Members of both parties challenged Kerry.

The top Democrat on the panel, Rep. Eliot Engel of New York, specifically asked Kerry why the administration was so strongly opposing sanctions that wouldn’t be imposed unless Iran breaks the agreement.

And Democratic Rep. Brad Sherman expressed misgivings about trusting the Obama administration, which he accused of hampering all sanctions efforts against Iran thus far.

Sens. Bob Menendez, D-N.J., and Mark Kirk, R-Ill., are close to completing a bill that would require the administration to certify every 30 days Iran’s adherence to the interim pact, according to legislative aides.

Without that certification, the legislation would re-impose all sanctions and introduce new restrictions on Iran’s engineering, mining and construction industries.

The legislation also calls for a global boycott of Iranian oil by 2015 if Iran fails to live up to the interim agreement. Foreign companies and banks violating the bans would be barred from doing business in the United States.

However, Iran sanctions were left off a defense bill working its way through the Senate this week — much to the dismay of Republicans.

“This is a rather transparent attempt to prevent a vote on enhanced Iran sanctions, so they’re trying to circumvent the Senate, pass major legislation, essentially without amendments,” Senate Minority Leader Mitch McConnell, R-Ky., told reporters.

In the House, Majority Leader Eric Cantor, R-Va., is drafting separate legislation mapping out how a final deal with Iran should look, aides say.

Iran’s foreign minister, Mohammad Javad Zarif, has warned any new package of commercial restrictions would kill the deal.

“If Congress adopts sanctions, it shows lack of seriousness and lack of a desire to achieve a resolution on the part of the United States,” Zarif told Time magazine. “My parliament can also adopt various legislation that can go into effect if negotiations fail. But if we start doing that, I don’t think that we will be getting anywhere.”

Kerry said new sanctions could also be viewed as a sign of bad faith by America’s negotiating partners — Britain, France, Germany, China, and Russia. The United States is banking on them to enforce existing oil and financial restrictions on Tehran and to press Iran into a final agreement.

“I don’t want to give the Iranians a public excuse to flout the agreement,” Kerry said. “It could lead our international partners to think that we’re not an honest broker, and that we didn’t mean it when we said that sanctions were not an end in and of themselves but a tool to pressure the Iranians into a diplomatic solution. Well, we’re in that. And six months will fly by so fast, my friends, that before you know it, we’re either going to know which end of this we’re at or not.”

Kerry’s assessment comes just three days after President Barack Obama began to play down chances for success, telling a think-tank forum that he believed the odds of a comprehensive nuclear agreement next year are 50-50 or worse.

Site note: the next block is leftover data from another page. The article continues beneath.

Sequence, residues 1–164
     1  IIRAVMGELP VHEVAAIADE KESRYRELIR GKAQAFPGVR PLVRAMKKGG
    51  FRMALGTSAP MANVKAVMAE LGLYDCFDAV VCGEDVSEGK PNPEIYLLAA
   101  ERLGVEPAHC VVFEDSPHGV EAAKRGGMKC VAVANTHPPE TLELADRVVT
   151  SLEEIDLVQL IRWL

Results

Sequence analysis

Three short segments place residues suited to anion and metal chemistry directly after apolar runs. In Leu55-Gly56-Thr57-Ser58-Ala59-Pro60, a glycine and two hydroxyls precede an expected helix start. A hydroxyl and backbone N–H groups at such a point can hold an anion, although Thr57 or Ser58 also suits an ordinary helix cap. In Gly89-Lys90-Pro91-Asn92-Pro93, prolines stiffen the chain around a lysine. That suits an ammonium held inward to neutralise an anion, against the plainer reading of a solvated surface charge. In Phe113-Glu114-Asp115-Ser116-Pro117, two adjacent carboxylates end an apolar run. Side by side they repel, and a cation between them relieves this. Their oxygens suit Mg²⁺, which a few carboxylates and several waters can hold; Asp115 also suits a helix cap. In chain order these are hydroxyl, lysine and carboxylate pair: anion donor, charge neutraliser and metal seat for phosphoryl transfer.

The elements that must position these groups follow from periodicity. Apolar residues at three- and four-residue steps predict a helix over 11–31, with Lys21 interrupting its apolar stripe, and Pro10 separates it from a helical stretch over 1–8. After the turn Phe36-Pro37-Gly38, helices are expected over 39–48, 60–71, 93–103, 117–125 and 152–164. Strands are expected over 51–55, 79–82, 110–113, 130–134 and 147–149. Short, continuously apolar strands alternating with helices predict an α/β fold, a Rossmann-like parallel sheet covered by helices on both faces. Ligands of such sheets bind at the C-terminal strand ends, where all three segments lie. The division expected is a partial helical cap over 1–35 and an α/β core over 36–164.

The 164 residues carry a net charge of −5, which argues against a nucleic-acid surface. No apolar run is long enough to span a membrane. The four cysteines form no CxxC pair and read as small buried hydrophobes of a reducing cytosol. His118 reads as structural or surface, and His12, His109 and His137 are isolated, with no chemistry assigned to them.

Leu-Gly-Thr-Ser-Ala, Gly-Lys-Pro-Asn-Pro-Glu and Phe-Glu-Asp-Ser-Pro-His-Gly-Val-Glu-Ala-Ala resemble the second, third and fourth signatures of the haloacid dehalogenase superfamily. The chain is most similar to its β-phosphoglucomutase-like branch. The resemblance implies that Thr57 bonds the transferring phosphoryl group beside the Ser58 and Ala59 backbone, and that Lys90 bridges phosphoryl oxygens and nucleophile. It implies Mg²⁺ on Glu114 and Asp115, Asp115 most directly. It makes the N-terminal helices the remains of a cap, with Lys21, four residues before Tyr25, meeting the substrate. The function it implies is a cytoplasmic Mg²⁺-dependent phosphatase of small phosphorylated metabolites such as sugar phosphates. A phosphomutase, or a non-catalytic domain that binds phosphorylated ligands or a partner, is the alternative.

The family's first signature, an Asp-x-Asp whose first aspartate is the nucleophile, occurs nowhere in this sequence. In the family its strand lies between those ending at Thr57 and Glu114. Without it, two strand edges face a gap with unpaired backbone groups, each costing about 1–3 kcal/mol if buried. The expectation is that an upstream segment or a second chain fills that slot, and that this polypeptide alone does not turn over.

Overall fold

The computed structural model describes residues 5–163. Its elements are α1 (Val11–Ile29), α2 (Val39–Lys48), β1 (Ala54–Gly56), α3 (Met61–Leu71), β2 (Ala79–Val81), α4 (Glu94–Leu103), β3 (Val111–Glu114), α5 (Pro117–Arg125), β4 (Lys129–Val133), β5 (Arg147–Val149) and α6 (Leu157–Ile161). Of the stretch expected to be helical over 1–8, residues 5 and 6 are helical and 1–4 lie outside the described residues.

Still, Obama defended diplomacy as the best way to prevent Tehran from acquiring atomic weapons and rejected criticism from Israel’s government and many in Congress that his aides bargained away too much without securing a complete halt to Iran’s nuclear program — as demanded by the international community for several years.

Members of Congress generally believe that crippling petroleum, banking, and trade sanctions levied on Iran in recent years were responsible for bringing its more moderate president, Hassan Rouhani, to power and his representatives to the negotiating table.

Many argue more pressure, not less, could break Iran’s will and secure better terms in a final agreement.

At several points, Kerry and lawmakers talked over each other as they argued about whether the deal recognized Iran’s “right” to enrich uranium — which the administration rejects — and about the details of international inspections on Iranian sites and its non-nuclear weapons programs.

Rep. Ileana Ros-Lehtinen, R-Fla., was perhaps strongest in her criticism of the administration, flatly denouncing the agreement in Geneva as a “bad deal.”

“We may have bargained away our fundamental position,” said Rep. Ed Royce, R-Calif., the committee chairman. “Iran should not be enriching and reprocessing,” he said, criticizing what he termed the administration’s “false confidence that we can effectively check Iran’s misuse of these key nuclear bomb-making technologies.”

Iran insists its program is solely for peaceful nuclear energy and medical research.

© Copyright 2013 The Associated Press. All rights reserved. This material may not be published, broadcast, rewritten or redistributed.

Source: Newsmax.com